An odd tongue?
Like many, I was shocked to hear the Pope had resigned. I was equally struck by his decision to do so in Latin, a so-called dead language and certainly one considered by many, including among his followers, to be inaccessible.
One journo ‘got it’ and with it the scoop of a lifetime. For the rest of us, Latin was an interesting choice and it certainly generated a lot of debate in the media.
So now let me generate a bit of debate myself. You see I think business leaders often speak in a strange language I wish was dead.
They speak ‘Strategic’ – an odd tongue made up of long and complicated words which would score well in Scrabble and have you shouting ‘House’ in minutes whilst playing Buzzword Bingo!
Strategic is just as inaccessible a language to their followers as Latin is to the rest of us. Yet for some reason it’s what many leaders choose for explaining what their organisation is trying to achieve on the planet and how their followers, their workforce, can contribute.
Indeed, as one of our clients at AstraZeneca put it: ‘‘Mention ‘strategy’, and people’s eyes usually glaze over.”
Erika Andersen of Forbes clearly agrees in an excellent post Five Top Reasons Strategy Is So Boring You Won’t Even Read This. At no. 3, “Mind-numbing language”; at no. 2, “Practitioners who want to seem smarter than you”; and, top of the chart, “They [the audience] don’t see the connection to real life”.
So, how should leaders communicate their strategies to their workforces and bring them to life without resorting to Strategic?
They could try using perhaps the most effective communication and engagement technique known to man – the power of storytelling (or narrative as some call it).
As a species, we’ve been telling stories for millennia. Human beings love a good story – cave paintings from prehistoric times, legends shared around a campfire, parables retold on a hillside, strategies discussed at the water cooler, business plans debated in the canteen line . . . you can see where I’m going here.
People are going to tell stories day in and day out, even when they’re at work and whether you like it or not. I’ve often said if you want to find out what is really going on in an organisation, stand in the canteen line, keep missing your turn and simply listen to the stories being told. (I used to say learn to smoke, as so much was debated in the dedicated smoking area too – but I’ve since retracted that advice!)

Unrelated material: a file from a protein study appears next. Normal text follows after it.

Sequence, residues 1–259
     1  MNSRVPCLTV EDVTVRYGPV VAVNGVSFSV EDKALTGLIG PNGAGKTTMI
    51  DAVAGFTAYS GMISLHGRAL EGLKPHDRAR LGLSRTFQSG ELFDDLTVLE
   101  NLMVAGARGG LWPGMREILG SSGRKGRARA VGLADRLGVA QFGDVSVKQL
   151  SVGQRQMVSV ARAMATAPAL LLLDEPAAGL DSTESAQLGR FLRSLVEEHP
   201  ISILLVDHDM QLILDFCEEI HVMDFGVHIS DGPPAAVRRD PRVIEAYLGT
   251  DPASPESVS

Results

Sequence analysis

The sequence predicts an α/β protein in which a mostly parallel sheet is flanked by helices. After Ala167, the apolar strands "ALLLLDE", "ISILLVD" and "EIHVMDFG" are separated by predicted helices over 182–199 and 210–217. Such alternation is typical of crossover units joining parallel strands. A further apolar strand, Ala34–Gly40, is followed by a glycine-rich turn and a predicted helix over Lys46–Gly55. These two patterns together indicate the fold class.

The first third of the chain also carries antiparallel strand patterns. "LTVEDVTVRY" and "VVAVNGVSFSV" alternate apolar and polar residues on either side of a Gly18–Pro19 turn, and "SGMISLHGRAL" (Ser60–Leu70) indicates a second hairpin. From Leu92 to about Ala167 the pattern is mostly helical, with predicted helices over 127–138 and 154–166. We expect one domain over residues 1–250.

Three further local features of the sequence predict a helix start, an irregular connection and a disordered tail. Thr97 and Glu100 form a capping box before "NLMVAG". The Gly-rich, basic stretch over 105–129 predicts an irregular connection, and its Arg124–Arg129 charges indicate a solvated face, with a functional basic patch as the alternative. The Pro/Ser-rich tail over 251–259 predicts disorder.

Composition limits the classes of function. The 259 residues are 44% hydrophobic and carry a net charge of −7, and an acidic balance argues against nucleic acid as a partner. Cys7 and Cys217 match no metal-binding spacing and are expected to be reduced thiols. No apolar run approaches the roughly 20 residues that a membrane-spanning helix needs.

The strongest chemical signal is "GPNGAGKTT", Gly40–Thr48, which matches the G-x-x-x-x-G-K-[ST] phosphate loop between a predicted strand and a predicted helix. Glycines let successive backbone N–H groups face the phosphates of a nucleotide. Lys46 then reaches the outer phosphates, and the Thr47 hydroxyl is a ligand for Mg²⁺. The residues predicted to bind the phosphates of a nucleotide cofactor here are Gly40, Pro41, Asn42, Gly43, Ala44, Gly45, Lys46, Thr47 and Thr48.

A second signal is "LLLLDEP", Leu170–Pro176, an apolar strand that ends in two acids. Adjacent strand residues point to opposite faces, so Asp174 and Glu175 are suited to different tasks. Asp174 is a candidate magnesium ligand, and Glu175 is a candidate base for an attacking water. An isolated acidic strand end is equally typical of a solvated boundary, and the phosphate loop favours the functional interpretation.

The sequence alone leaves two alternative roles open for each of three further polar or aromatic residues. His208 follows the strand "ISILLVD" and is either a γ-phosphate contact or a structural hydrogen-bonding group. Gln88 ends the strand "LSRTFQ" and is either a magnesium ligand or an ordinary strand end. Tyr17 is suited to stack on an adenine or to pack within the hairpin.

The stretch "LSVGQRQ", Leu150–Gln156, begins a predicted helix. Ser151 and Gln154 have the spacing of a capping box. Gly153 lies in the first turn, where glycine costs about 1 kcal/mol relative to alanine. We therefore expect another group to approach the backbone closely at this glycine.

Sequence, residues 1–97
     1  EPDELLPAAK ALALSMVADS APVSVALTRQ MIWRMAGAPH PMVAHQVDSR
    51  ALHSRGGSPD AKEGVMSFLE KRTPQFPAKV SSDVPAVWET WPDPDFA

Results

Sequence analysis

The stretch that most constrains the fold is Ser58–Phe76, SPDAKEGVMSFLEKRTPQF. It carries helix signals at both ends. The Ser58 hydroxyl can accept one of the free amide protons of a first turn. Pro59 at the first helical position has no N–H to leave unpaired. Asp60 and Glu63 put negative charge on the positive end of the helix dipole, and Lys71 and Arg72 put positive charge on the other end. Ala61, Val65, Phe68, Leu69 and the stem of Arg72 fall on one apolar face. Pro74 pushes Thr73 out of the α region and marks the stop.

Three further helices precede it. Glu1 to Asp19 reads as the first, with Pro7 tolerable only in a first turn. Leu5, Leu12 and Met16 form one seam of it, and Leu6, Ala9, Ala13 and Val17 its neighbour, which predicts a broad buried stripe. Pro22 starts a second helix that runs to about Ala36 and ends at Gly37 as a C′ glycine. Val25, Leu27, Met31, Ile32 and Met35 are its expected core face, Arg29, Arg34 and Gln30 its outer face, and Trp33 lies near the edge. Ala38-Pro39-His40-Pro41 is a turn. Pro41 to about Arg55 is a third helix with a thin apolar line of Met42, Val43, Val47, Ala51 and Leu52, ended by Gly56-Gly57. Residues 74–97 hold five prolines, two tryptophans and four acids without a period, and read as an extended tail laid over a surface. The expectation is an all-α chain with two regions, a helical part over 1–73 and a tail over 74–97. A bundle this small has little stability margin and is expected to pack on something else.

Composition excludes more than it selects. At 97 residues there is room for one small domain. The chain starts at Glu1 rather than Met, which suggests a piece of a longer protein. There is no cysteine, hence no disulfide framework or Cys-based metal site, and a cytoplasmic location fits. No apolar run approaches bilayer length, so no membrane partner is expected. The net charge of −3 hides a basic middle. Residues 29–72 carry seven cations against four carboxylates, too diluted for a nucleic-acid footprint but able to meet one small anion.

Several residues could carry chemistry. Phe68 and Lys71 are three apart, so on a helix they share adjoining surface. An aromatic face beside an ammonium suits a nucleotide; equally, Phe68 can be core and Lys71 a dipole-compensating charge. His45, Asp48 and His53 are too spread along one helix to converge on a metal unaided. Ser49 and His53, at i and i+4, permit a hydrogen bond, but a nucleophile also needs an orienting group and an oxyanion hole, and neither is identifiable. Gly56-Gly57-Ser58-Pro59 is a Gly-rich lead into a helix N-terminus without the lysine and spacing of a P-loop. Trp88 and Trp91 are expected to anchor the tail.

The trick is to get your people telling the right stories and telling them consistently, and in a language that makes sense to them.
Oh and by the way, if you don’t give your people stories to tell, they make them up anyway – usually inaccurately, inconsistently and unhelpfully.
So what makes a good corporate story?
- Metaphors help if they are relevant, accessible and appropriate. And they work better still when reinforced by images. Pictures paint a thousand words – and metaphors are worth a thousand pictures. At Axiom, we often use the combination to great effect in our Big Picture approach.
- Your story needs to meet the needs of your audience and address their concerns.
- You should aim to grab the interest of your audience and inspire action, positive action.
- Your story needs to create a golden thread for people linking what they do, day in and day out, to what your organisation is trying to achieve.
- You need to highlight contrast e.g. “We need more of W less of X”, “An increase of Y, a decrease of Z”. Human beings seem to like, understand and remember contrast.
- Your story needs to be simple and easily retold – short words and sentences in plain English help.
- Your story should generate dialogue e.g. “So, what it means for me and my team is X . . . – right?”
We used all those ingredients to help Mölnlycke Health Care communicate their strategy, globally and to all levels. The work played no small part in a big jump in understanding of the company’s mission and strategy and overall employee engagement.
So, a choice: Utilise our species’ innate love of stories and our ability to tell and retell them, or communicate in an inaccessible language and hope one bloke gets it and shares the scoop with his colleagues. It’s up to you.
Next time, I’ll blog some thoughts on how to structure stories to take your followers with you on the journey. In the meantime, remember what Franklin D Roosevelt said: “It is a terrible thing to look over your shoulder when you are trying to lead – and find no-one there.”